May 2024 Book Reviews

Welcome to yet another installment of what Elaine read this past month. In May, we wrapped up our school year & started settling into a summer routine. Reading hasn't been a huge priority, but I've managed to complete a few. Here they are!


Beautiful Freedom: How the Bible Shapes Your View of Appearance, Food, and Fitness by Stacy Reaoch

If you're looking for a Gospel-centered approach to body image, this book is a great starting place. It's a short book, so there's nothing in-depth. However, that doesn't mean that it skimps on theological reasoning for how we should approach aging, exercise, & food. I especially appreciated how the author kept reminding the reader of God's good gifts & having a proper view of these topics as such is so important. In the appendix & notes, you can find other resources for deeper study or for analyzing if you need to seek professional help to manage disordered thinking. Overall, a great resource to have on hand when looking for direction in those ever-present body image questions.

Raising Grateful Kids in an Entitled World: How One Family Learned That Saying No Can Lead to Life's Biggest Yes by Kristen Welch

This was such a enlightening & challenging book. Kristen is the founder of a non-profit called Mercy House. She went from living the average American life, filled with all of the trappings of the American dream, to giving up all the extras for a drastic change in priorities. Her family decided to forgo most the things we automatically assume kids should be given & questioning how they can live in a radically generous way. While not everyone is called to start a maternity home in Kenya, you are called to love God & love others. It really opened my eyes to ways I was allowing entitlement to creep into my own life. I hope to set a good example to my kids based on the ideas set forth in this book.

The Incredible Journey by Sheila Bumford

My daughter & I read this together this term. While I have watched the movies that have been based on this book, I'd never read novel itself. I'm not a big animal lover, but this book kept us interested with the various adventures & misadventures of these three family pets who are determined to make their way home. They face starvation, predators, friendly & unfriendly humans, & so many miles just to find their family once more. If you have nature/animal lover in your home, this is a good option for a read aloud!

Betsy in Spite of Herself by Maud Hart Lovelace

It's the end of our schoolyear, so we're finishing lots of books right now. I won't include them all, but I have been tracking the Betsy-Tacy books. This is the 6th book in the series. Betsy's sophomore year includes a few more hard lessons & growing experiences for the title character. And, as always, the ever-faithful Tacy is right beside her. And we get to see Tib again! I do think these books are getting a little "old" for my daughter, so I might give it a little time before we get to the next one. In this book, Betsy has a less-than-stellar boyfriend. While it wasn't the conversation I was looking to have with my 9-year-old, we did use it to talk about what character traits are not OK for someone you might be interested in to have. Again, a pretty squeaky clean book, but maybe more of an tween/early teen girls book due to some of the subject matter.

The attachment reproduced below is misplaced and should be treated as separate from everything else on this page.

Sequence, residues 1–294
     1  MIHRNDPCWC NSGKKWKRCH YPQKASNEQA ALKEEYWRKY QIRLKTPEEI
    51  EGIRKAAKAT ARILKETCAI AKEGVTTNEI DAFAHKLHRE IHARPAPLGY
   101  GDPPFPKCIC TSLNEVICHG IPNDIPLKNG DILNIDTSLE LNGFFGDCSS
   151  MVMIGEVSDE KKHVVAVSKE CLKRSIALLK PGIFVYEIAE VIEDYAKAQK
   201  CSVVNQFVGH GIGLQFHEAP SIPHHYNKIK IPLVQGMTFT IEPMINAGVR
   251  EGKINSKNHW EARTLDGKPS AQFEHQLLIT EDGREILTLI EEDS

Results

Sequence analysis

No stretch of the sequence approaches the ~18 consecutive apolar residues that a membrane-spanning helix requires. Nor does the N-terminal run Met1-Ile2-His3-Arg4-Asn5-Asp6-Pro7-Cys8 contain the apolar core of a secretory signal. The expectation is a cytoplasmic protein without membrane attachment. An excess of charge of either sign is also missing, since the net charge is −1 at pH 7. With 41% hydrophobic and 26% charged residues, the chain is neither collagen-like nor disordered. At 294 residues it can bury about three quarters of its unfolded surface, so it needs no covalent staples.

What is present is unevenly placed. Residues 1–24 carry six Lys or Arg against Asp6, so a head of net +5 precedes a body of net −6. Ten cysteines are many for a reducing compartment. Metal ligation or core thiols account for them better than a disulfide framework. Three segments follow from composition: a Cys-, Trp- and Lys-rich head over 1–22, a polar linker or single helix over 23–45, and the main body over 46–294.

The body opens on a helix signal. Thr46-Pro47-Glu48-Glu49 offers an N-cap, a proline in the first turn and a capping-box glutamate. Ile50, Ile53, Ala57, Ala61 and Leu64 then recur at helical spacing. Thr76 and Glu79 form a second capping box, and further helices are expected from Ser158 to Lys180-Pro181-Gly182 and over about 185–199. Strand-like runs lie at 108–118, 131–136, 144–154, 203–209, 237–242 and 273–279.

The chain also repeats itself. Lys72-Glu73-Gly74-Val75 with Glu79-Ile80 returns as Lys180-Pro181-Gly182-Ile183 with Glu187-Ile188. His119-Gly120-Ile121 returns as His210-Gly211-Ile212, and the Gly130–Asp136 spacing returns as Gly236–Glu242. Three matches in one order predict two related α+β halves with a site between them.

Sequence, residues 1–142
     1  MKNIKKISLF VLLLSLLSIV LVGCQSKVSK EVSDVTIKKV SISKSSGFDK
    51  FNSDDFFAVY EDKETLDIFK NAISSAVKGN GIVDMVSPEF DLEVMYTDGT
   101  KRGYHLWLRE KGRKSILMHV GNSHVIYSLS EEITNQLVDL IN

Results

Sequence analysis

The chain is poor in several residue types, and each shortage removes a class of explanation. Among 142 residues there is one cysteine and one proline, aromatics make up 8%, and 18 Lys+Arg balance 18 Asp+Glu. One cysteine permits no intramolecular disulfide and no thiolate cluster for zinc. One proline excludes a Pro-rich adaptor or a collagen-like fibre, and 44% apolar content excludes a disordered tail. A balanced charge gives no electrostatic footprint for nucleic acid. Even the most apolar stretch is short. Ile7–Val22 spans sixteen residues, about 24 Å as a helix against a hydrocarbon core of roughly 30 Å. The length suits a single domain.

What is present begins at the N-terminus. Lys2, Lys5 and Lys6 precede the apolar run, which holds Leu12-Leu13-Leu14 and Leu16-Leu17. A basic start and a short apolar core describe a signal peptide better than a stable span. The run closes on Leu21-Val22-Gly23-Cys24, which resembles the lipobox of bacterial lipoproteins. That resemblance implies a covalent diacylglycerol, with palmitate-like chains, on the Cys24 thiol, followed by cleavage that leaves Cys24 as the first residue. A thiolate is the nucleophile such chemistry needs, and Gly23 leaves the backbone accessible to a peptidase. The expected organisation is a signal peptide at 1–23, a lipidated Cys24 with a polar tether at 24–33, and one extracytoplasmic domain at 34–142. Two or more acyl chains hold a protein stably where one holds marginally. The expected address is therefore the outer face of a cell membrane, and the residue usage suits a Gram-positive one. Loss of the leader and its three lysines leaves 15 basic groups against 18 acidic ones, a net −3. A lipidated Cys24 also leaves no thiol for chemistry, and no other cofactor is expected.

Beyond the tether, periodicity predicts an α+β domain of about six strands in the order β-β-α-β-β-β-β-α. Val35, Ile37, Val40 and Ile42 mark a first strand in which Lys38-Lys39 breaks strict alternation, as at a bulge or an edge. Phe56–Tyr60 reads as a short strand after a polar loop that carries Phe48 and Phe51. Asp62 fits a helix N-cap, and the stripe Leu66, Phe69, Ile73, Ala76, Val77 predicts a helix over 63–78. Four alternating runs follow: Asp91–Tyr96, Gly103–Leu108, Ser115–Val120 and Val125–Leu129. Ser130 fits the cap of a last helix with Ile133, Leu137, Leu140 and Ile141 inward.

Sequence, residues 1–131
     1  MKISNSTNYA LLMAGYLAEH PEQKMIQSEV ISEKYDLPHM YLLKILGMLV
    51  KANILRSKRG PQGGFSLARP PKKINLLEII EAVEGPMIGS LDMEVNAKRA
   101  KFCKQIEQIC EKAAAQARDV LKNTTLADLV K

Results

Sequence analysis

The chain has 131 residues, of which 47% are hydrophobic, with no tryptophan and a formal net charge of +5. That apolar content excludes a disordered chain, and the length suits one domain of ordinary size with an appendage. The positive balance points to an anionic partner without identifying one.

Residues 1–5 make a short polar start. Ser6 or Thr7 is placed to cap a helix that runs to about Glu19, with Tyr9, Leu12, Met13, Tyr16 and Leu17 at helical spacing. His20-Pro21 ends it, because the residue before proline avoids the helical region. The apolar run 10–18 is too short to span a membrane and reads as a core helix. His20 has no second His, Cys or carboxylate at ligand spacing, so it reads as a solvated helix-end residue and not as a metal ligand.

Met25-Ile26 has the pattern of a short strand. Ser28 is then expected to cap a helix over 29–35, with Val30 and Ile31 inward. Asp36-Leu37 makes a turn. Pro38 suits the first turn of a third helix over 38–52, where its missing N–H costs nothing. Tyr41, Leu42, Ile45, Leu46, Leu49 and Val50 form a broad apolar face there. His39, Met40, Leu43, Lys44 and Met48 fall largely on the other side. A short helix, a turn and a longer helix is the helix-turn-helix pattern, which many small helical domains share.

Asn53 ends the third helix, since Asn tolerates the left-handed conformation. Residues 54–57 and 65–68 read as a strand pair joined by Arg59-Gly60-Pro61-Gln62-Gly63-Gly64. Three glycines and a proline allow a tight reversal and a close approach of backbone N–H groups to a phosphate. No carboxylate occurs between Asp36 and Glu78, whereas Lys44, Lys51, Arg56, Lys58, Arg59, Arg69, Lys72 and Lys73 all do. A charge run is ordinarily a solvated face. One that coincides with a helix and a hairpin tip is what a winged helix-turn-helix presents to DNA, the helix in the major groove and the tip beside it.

The Green Ember by S.D. Smith

I've started & stopped this book over & over for years. It just wasn't grabbing my attention or my oldest son's. So, we moved onto other series, but we tried to come back to this one recently. I ended up finishing it by myself because he lost interest. It's a really good story, & I think I might try it with my middle son who likes anything having to do with rabbits. I'm also hoping that the next book moves a little quicker since it won't have to do all the introductions that the first book of a series always does.

Does the Bible Affirm Same-Sex Relationships? Examining 10 Claims about Scripture and Sexuality by Rebecca McLaughlin

Compassionately written, this short book tackles a timely topic. McLaughlin summarizes some of the most common misunderstandings of what the Bible says about same-sex relationships. She also gets to the very crux of the matter--Jesus is better than anything else. Looking for satisfaction in anything other than him will only leave us empty & wanting more. She also highlights the call to healthy, loving, Gospel-centered relationships with those around us. This book is a valuable resource, giving Christians a basic understanding of how to reach out to those they know & love who are wrestling with these questions.


A little more on the fiction side of things this month due to our school year wrapping up, but still some thought-provoking nonfiction reads, too.

Now, I'm getting excited for some summer reading, too. Any & all recommendations are welcome!

Cheering you on!


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